Jeff Standridge: This is Jeff Standridge, and this is the Innovation Junkie’s Podcast. If you want to drastically improve your business, learn proven growth strategy, and generate sustained results for your organization, you’ve come to the right place. Over the next half hour, we’re going to be sharing specific strategies, tactics, and tips that you can use to grow your business, no matter the size, no matter the industry, and no matter the geography. Weekly, we’ll bring in a top mover and shaker, someone who’s done something unbelievable. We’ll dig deep, we’ll uncover specific strategies, tactics, and tools that they’ve used to help you achieve your business goals. Welcome to the Innovation Junkie’s Podcast.
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Jeff Standridge: Hey, guys. Jeff Standridge here, and welcome to this bonus episode of the Innovation Junkie’s Podcast.
Jeff Amerine: Hey, this is Jeff Amerine, and I’m glad to be back for another discussion.
Jeff Standridge: Yes, me too. Today, we’re talking about how organizations sabotage their innovation culture. Any good fodder for us to talk about there Jeff from your perspective?
Jeff Amerine: Yeah. You know, I would say the first thing is what I’d call the folly of innovation theater. That is there’s been a mandate or a feeling from the market or a board directive that thou shall be innovative. Leadership that has profit and loss responsibility inflicts upon the organization and initiative around innovation that can feel like the flavor of the month. But they’re going to check the box, and say we went through the process without really having the level of conviction that’s required at the leadership level to make it part of the culture.
Jeff Standridge: You know, I think you probably just summarized that all of the ways probably that we were going to talk about today that organizations sabotage their innovation culture is because of this concept of innovation theory, innovation theater, rather. They’re just really not committed to it, and so they don’t really have a plan for how they’re going to implement some of those innovations. They don’t have any funding. It’s not built into their overall strategic approach, and so it’s a knee-jerk reaction that they’re really just not committed to.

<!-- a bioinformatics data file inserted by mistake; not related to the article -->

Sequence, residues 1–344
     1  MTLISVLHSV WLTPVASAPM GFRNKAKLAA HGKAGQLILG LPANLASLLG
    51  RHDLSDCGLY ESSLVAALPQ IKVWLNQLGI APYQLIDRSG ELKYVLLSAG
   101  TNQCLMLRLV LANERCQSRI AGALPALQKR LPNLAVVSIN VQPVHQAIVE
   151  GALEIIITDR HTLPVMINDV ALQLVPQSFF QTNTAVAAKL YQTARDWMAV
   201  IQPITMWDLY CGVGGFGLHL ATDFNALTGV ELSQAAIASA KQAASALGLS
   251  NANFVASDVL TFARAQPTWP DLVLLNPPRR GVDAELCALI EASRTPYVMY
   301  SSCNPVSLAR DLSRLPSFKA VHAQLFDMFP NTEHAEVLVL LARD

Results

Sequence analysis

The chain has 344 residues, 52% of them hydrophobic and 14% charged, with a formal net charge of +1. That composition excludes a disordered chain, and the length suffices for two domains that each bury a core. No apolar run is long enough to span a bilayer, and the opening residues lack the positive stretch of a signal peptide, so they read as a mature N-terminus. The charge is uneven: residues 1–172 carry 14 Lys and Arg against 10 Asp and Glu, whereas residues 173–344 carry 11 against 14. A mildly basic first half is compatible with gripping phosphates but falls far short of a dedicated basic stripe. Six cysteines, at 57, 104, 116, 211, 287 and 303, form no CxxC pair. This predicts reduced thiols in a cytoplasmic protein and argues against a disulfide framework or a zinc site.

Jeff Amerine: Sometimes it can fail as well, because it hadn’t been communicated well. So it feels like here’s another command directive coming down upon high, and if the organization in total has been focused on operational excellence and on improving what they do for their customers every day in an incremental way, if you’re trying to implement a program that’s going to drive disruptive or breakthrough innovations, very difficult for that organization to consume that if it hasn’t been made integral in some fashion what they’re doing.
Jeff Standridge: That’s a great point. How many times have we worked with organizations where they’ve made the declaration that they’re going to be innovative, or they’re going to launch an innovative program, but they’ve really not communicated it. The only folks that really know the directive has been issued are the upper echelons of the organization. So they really don’t attempt to make it part of an enterprise-wide communication plan and an enterprise-wide cultural initiative.
Jeff Amerine: I think sometimes too you don’t have the right people in the right seats, so to speak, in that your internal entrepreneurs and innovators can sometimes be viewed as the aisle of the misfit toys, in a way, and you have to nurture those misfits a little bit, because they’re the ones that can in an effective way stir things up. If they’re constantly looked at as misfits, the innovators, they’ll be put off on an island somewhere, they won’t be given the budget, people won’t see the value in what they’re doing.